Pfizer's commitment to rare diseases

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Pfizer's commitment to rare diseases

As one of the world’s largest research-based pharmaceutical companies, Pfizer is committed to helping address the unmet medical needs of people with rare diseases.

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Pfizer: committed to discovering new therapies for rare diseases

Rare diseases are among the most serious of all illnesses and collectively affect millions of patients worldwide, representing an opportunity to apply our knowledge and expertise to help make a significant impact in addressing unmet medical needs. The Pfizer focus on rare diseases builds on more than a decade of experience and a global portfolio of over 20 medicines approved worldwide that treat rare diseases in the areas of hematology, neuroscience, inherited metabolic disorders, pulmonology, and oncology.

Protalix: an Israeli-based biotechnology company

Even though Gaucher disease is a rare disease, it is familiar to the employees of Protalix Biotherapeutics, the Israeli-based biotech company that manufactures ELELYSO® (taliglucerase alfa) for injection. Several have family members and friends who have personal experience with Gaucher disease, so the employees truly understand the impact it can have on patients and their families. Out of their passion to help people, ELELYSO was developed as a treatment for Type 1 Gaucher disease.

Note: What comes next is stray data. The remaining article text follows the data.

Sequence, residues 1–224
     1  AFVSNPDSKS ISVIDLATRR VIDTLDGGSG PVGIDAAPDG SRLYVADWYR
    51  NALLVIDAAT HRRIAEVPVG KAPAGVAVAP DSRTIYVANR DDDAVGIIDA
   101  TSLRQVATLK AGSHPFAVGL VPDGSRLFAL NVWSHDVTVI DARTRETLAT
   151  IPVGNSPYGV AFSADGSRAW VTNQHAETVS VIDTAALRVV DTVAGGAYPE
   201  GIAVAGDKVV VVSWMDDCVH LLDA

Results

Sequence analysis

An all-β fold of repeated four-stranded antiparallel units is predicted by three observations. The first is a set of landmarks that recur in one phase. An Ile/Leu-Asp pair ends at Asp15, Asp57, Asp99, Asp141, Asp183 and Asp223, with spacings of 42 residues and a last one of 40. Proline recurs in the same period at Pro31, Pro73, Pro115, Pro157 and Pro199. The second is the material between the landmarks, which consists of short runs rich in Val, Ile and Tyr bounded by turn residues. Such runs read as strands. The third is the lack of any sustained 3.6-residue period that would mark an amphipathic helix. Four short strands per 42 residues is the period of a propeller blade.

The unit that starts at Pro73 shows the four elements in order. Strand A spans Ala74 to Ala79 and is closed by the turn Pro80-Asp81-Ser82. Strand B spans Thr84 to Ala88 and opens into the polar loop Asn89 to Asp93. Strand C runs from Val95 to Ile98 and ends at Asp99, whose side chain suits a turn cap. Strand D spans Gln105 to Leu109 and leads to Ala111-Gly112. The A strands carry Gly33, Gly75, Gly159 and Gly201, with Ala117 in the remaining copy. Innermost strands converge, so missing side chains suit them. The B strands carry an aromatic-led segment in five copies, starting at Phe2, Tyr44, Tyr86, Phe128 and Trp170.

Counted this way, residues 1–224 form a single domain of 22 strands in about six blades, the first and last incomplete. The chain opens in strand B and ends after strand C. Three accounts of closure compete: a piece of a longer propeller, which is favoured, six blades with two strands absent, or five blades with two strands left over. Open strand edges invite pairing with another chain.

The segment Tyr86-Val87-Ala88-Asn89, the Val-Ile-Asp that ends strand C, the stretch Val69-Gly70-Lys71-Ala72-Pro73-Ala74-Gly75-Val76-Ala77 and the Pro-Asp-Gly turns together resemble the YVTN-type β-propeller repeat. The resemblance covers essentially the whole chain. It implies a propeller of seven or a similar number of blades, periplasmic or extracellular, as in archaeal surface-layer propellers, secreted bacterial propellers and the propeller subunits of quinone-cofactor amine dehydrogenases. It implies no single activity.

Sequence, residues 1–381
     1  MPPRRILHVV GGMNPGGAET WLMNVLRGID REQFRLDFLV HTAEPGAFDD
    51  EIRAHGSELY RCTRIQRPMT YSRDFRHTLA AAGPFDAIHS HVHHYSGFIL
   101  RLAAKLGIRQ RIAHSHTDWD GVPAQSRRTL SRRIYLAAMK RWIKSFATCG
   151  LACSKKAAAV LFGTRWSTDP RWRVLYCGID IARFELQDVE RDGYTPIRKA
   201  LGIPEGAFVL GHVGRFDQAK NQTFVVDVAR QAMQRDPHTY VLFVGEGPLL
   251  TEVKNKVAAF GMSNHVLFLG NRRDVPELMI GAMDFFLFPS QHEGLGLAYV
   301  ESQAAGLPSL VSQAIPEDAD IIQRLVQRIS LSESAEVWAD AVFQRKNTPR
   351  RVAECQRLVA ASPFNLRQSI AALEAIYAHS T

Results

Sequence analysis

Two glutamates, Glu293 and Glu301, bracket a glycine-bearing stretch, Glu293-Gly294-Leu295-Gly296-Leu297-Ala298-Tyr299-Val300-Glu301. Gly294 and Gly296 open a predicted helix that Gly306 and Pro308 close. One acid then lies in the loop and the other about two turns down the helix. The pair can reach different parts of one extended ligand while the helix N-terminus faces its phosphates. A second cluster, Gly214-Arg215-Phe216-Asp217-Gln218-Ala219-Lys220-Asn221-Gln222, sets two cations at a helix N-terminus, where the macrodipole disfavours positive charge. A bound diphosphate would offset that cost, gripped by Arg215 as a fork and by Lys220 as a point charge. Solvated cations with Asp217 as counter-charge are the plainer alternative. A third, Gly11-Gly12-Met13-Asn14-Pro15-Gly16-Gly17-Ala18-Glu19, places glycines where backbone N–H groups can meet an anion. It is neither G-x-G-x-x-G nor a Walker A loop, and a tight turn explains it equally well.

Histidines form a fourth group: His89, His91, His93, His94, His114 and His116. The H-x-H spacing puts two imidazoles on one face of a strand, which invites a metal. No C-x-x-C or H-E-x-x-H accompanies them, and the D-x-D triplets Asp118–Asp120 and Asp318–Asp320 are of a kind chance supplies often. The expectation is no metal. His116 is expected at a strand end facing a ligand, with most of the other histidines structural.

To learn more about Protalix, visit their Web site.

This Web site is neither owned nor controlled by Pfizer. Pfizer does not endorse and is not responsible for the content or services of this site.

The Orthodox Union (OU)

ELELYSO is the first prescription medication to receive kosher certification from the OU. 

The OU is a not-for-profit global organization headquartered in New York City that serves the Jewish community on multiple levels. The OU Kosher division is the largest and most well-known kosher certification agency in the world. Products the OU certifies kosher—and the facilities making them—are rigorously monitored, regularly inspected, and held to high-quality standards.

While Gaucher disease occurs at rates of around 1 in 50,000 to 1 in 100,000 in the general population, people of Ashkenazi Jewish heritage are affected roughly 1 in 600.

Although injectable medicines do not require kosher certification, the OU agreed to grant kosher certification to show support for Pfizer’s commitment to a small population within the Jewish community afflicted with Type 1 Gaucher disease.

To learn more about the OU, please visit their Web site. To learn more about kosher certification, please visit the OU Kosher Web site.

These Web sites are neither owned nor controlled by Pfizer. Pfizer does not endorse and is not responsible for the content or services of these sites.

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